• Course description:  

    This course is required of all sophomores and is a survey and analysis of how and why the United States became the foremost power of today. The course offers students a lively chronological history of the U.S., from the end of the Civil War to the present. The major purpose of teaching American History is to provide the students with a general overview of the U.S. history, to help students gain insights into relationships among people, ideas and events as they learn the significant facts of American history, and to help students have a better understanding of history and its study.  Focus is divided between learning course content (history) and process (map skills, reading comprehension, etc.).

    Curriculum units:

    Unit:  Building a Powerful Nation


    • The Civil War, 1861-1865
    • Reconstruction, 1865-1877
    • The Expansion of American Industry, 1850-1900
    • Looking to the West, 1860-1900
    • Politics, Immigration, and Urban Life, 1870-1915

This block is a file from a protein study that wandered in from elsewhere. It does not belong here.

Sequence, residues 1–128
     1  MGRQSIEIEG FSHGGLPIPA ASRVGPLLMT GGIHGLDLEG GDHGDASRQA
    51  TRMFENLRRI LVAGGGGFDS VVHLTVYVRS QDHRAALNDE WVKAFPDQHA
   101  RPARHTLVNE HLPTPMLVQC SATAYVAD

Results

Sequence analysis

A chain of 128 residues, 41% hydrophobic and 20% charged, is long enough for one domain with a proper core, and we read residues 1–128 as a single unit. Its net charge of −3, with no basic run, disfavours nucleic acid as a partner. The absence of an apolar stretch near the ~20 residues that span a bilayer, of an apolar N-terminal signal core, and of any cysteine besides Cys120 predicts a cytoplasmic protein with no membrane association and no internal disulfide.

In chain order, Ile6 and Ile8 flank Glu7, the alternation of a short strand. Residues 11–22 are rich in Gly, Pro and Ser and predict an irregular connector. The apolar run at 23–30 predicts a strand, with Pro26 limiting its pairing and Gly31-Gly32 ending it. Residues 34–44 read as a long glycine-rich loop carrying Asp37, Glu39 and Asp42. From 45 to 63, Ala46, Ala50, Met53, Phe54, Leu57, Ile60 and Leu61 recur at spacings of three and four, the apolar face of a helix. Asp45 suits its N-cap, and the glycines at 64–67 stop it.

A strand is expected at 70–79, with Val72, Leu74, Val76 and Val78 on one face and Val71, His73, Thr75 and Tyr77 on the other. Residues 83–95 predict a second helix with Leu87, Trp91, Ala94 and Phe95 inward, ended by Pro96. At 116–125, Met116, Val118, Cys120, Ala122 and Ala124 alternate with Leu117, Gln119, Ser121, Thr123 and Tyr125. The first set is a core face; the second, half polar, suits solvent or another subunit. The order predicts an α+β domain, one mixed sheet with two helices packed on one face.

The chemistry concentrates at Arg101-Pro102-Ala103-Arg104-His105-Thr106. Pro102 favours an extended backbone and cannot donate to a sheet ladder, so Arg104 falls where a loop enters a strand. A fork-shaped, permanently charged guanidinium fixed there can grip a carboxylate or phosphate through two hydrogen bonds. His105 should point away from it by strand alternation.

• Life at the Turn of the Twentieth Century, 1870-1915

    Unit:  The United States on the Brink of Change


    • Becoming a World Power, 1890-1915
    • The Progressive Reform Era, 1890-1920
    • The World War I Era, 1914-1920

    Unit:  Boom Times to Hard Times


    • Postwar Social Change, 1920-1929
    • Politics and Prosperity, 1920-1929
    • Crash and Depression, 1929-1933
    • The New Deal, 1933-1941

    Unit:  Hot and Cold Wars


    • World War II: The Road To War, 1933-1941
    • World War II: Americans At War, 1941-1945
    • The Cold War, 1945-1960
    • The Postwar Years at Home, 1945-1960

    Unit:  A Period of Turmoil and Change


    • The Civil Rights Movement, 1950-1968
    • The Kennedy and Johnson Years, 1961-1969
    • The Era of Activism, 1960-1975
    • The Vietnam War, 1954-1975

    Unit:  Continuity and Change


    • Nixon, Ford, Carter, 1969-1981
    • The Conservative Revolution, 1980-1992
    • Entering a New Era, 1992 to the Present